After completing its investigation, if CMS determines the hospital violated the law, it then requests a second review by the QIO. In this "60-day review," the QIO affords the affected hospital and providers the opportunity of a hearing to formally present their side of the case. CMS sends the 60-day QIO report to the Office of Inspector General (OIG), the branch of the Department of Health and Human Services that prosecutes the EMTALA Civil Monetary Penalties phase against hospitals and physicians.

Facts and Figures

Medicare participating hospitals face high risk for violations of the antidumping law. Additionally, EMTALA penalties have more than doubled with the enactment of the Federal Civil Penalties Inflation Adjustment Act of 2015. Currently, the Civil Monetary Penalty for each violation of EMTALA by a hospital with 100 beds or more sits at $112,916 (up from $50,000), while a hospital with less than 100 beds risks a fine of $56,460 (up from $25,000).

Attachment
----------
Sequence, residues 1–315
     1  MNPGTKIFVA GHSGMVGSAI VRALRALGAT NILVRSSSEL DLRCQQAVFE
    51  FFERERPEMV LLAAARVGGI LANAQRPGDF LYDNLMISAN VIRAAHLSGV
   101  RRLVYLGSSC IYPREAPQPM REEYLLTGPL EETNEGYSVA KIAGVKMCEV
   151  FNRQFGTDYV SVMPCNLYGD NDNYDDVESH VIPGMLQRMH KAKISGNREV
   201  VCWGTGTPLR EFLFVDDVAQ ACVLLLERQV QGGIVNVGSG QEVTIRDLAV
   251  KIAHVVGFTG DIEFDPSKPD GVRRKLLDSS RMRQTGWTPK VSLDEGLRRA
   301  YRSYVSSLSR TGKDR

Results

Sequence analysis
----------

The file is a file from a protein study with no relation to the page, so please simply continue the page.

A review of published 2020-2021 EMTALA fines by OIG reiterates the government's dedication to EMTALA, and includes the following settlements:

  • On February 10, 2020, OIG settled with a Maryland hospital for $106,965 after the hospital failed to provide an MSE and stabilizing treatment to a patient who initially presented to the hospital, was diagnosed with a contusion of the face and lip abrasion and was discharged. The patient refused to sign the discharge forms, stating that she was homeless. She was escorted by security off of the hospital's property wearing only a hospital gown and socks. The following day, the patient retuned to the hospital via ambulance after a bystander called 911. The bystander found the patient at a bus stop outside the hospital in 30-degree weather. A nurse told the patient that she would need to go to a shelter if she did not have a place to stay. The patient was then discharged without receiving an MSE or being stabilized.
     
  • On April 20, 2020, OIG settled with a Georgia hospital for $260,000 after a hospital failed to provide an adequate MSE and stabilizing treatment to 21 individuals while utilizing a non-patient specific checklist.